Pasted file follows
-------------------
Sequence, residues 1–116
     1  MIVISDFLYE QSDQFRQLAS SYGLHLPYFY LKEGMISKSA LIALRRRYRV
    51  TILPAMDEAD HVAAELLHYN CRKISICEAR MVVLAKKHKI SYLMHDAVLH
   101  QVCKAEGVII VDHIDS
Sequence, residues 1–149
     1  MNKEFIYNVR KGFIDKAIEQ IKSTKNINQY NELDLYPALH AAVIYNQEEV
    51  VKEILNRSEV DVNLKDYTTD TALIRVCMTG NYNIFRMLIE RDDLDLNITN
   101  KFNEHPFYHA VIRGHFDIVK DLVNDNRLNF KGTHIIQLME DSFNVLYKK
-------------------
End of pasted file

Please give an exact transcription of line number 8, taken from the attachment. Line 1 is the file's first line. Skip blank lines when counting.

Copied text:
   101  KFNEHPFYHA VIRGHFDIVK DLVNDNRLNF KGTHIIQLME DSFNVLYKK